- open source can work, but it’s not free
- if you’re going to re-launch, re-invent
Sex, drugs and social data (I think that was the title)
It wouldn’t have been 2011 without a session on open data. I missed out the sessions covering some of the more nuts and bolts stuff. Instead, I went to Hadley Beeman‘s session on making data social.
At the outset, I have to say that the session assumed that we’ve already got all this data out there. Of course, there are still plenty of public bodies which haven’t even thought about their data publication strategy save for meeting the government edicts on expenditure publication.
Hadley was concerned though with how data will be consumed. What are we expecting people to do with it? There’s bunch of numbers that will frighten away your average punter.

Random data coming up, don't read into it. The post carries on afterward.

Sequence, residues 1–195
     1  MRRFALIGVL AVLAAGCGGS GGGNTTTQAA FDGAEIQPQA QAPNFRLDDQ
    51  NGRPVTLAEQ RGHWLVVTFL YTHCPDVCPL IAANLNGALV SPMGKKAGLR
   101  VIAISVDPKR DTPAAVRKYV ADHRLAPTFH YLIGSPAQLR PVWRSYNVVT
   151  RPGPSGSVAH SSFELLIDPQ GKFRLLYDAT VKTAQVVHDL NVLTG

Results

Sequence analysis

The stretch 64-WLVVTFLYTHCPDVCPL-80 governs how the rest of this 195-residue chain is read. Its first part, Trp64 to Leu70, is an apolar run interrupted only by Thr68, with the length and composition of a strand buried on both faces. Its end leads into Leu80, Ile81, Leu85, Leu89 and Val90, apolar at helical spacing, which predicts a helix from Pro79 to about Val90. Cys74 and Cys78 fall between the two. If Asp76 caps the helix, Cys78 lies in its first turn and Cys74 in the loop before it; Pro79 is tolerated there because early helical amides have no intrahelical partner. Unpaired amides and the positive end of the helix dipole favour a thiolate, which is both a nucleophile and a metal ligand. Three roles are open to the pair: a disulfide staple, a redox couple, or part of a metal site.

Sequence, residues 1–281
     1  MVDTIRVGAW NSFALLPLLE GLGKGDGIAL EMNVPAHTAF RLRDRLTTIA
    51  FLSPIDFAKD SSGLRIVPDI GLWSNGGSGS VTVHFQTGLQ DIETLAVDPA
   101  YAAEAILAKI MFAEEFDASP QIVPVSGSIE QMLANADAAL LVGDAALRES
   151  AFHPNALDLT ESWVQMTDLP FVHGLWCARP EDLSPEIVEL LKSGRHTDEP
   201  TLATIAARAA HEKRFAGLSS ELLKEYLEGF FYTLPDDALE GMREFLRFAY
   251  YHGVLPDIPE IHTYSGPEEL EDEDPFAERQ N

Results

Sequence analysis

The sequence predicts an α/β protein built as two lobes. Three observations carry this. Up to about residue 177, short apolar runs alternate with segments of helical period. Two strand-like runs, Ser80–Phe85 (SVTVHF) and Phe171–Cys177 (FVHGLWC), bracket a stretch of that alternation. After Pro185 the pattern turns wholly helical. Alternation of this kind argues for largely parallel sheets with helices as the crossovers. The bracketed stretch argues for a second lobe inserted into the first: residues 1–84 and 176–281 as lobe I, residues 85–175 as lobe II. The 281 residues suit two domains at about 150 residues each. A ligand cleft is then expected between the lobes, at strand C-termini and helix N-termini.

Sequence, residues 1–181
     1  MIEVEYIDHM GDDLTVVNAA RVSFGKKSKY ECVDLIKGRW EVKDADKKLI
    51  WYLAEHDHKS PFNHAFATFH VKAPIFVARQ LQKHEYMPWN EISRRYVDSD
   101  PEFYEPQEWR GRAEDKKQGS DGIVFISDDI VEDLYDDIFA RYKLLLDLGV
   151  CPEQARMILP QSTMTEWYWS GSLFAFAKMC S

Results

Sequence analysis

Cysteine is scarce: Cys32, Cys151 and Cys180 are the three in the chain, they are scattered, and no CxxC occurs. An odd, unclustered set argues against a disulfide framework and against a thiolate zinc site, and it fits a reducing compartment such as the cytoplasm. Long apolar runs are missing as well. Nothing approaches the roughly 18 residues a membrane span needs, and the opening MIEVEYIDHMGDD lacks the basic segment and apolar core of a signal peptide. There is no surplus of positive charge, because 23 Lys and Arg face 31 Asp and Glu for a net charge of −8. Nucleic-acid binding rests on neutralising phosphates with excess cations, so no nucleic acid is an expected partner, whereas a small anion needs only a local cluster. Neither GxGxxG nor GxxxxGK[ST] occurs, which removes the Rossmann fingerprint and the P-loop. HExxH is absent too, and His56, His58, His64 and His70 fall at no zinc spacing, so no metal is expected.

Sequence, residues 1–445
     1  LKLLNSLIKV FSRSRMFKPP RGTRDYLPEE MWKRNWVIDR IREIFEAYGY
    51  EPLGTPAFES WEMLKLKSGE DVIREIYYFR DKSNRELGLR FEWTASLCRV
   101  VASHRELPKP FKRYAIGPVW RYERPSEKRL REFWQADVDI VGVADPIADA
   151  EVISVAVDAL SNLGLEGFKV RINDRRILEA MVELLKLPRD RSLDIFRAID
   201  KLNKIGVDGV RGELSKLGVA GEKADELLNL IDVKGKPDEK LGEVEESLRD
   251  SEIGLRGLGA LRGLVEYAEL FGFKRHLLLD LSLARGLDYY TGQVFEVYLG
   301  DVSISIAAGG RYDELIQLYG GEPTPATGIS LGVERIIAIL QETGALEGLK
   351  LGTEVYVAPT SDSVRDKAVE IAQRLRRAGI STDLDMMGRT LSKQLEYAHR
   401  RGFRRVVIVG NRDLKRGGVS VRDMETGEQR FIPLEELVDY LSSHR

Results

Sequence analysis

Hadley wanted the data to tell a story. There were plenty of views around the room on how we might do this – from using visualisations to getting data embedded into the school curriculum to freeing it up to a Wiki.
- everyone needs an open data strategy (what, why, how, who and when)
- what stories can data tell?
To round off the day, Ingrid Koehler led a session on blogging for the community. For me, this was the best session of the day. Some of the public sector’s most conspicuous bloggers were present, which led to a great discussion.
David Allen Green, one of the non-government participants, summed up some of the essential elements of successful blogging:
- use short paragraphs
I think there was a recognition around the room that blogging is a great tool within the public sector as it helps share best practice and ideas. (I’d have liked a little more discussion about using blogging as an outward conversational tool, but I sensed the session wasn’t going to go that way.)